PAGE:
So perhaps it is not surprising that the idea of mindfulness is gaining government support within the All-Party Parliamentary Group, who are making wellbeing through mindfulness yet another policy objective.  In their report 'Wellbeing in Four Policy Areas', the APPG state that 'far from being an unaffordable luxury, prioritising wellbeing can improve the effectiveness of public spending, and in some cases save public money'. Mindfulness does appear to be finding rational justification, and is gaining support from the government as a preventative measure against ill-health. Yet in justifying mindfulness through the economy, the APPG are instrumentalising a practice that is not goal oriented. In turning mindfulness into a policy that requires application there is a risk that problems of stress among the workforce could be exacerbated; mindfulness turned into another task to be completed, or a way for the government to say that they have taught staff mindfulness in order that they can handle workplace pressure, rather than relieving the pressure itself. Perhaps mindfulness can only come from within society as an attitude to be fostered, not as something that can be legislated.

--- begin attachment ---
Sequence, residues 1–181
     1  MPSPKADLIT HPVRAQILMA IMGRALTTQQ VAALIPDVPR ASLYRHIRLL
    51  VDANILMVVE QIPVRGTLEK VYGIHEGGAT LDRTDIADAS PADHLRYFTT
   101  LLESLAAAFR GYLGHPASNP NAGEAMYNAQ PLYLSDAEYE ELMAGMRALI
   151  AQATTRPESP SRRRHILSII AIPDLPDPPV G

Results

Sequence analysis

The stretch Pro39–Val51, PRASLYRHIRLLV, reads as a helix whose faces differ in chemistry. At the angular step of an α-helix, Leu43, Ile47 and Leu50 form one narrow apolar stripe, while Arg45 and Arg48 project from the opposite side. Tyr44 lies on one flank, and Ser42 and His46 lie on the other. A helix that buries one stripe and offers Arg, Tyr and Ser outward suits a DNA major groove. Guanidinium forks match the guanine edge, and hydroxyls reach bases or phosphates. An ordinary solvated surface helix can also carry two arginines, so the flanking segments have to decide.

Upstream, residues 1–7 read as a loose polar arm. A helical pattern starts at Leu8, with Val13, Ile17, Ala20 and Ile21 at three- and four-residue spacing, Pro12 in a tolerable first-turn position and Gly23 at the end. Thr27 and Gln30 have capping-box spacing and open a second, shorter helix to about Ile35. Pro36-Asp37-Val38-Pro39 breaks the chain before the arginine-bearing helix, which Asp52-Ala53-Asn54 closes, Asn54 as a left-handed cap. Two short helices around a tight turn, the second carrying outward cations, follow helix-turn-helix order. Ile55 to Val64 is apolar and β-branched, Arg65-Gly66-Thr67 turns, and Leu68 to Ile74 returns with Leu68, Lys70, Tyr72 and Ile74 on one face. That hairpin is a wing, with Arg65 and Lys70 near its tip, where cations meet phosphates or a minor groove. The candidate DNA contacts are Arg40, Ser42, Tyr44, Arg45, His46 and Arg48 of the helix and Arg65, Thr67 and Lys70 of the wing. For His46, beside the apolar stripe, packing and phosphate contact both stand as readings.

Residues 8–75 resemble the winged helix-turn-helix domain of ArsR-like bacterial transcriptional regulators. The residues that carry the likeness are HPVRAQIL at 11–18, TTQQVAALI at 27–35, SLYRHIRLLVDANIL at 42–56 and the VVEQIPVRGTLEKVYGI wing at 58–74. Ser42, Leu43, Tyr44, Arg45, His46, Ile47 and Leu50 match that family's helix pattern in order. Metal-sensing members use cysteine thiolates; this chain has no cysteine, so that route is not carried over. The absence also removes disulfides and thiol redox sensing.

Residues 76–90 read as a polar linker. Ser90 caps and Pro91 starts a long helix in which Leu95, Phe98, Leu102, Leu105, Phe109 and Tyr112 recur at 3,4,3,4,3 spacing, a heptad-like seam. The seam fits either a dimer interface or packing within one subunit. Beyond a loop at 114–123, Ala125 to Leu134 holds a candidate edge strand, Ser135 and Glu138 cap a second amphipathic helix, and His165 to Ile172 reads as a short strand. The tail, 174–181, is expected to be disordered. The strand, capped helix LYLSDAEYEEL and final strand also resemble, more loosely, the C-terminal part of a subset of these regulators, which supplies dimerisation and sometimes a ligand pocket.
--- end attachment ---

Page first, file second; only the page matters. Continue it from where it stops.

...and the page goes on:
Individual flourishing

So how could a government that has no choice but to act with rationality make space for individual flourishing? The personal and independent nature of mindfulness resists objective study and application, particularly given the nature of mindfulness as an idea open to individual and unique interpretations.

In our rational society, we measure ourselves against the backdrop of the general population, but as individuals we need to carve out some space for ourselves in order to become happy and well-adjusted. Making mindfulness a policy would turn it into an exercise of the population, not of individuals, and undermine the intimately personal nature of mindfulness. Although the goal of society must be the happiness of the overall population, society is made up of individuals, and so it is crucial that we care for our souls independently if government and the population as a whole are to act positively.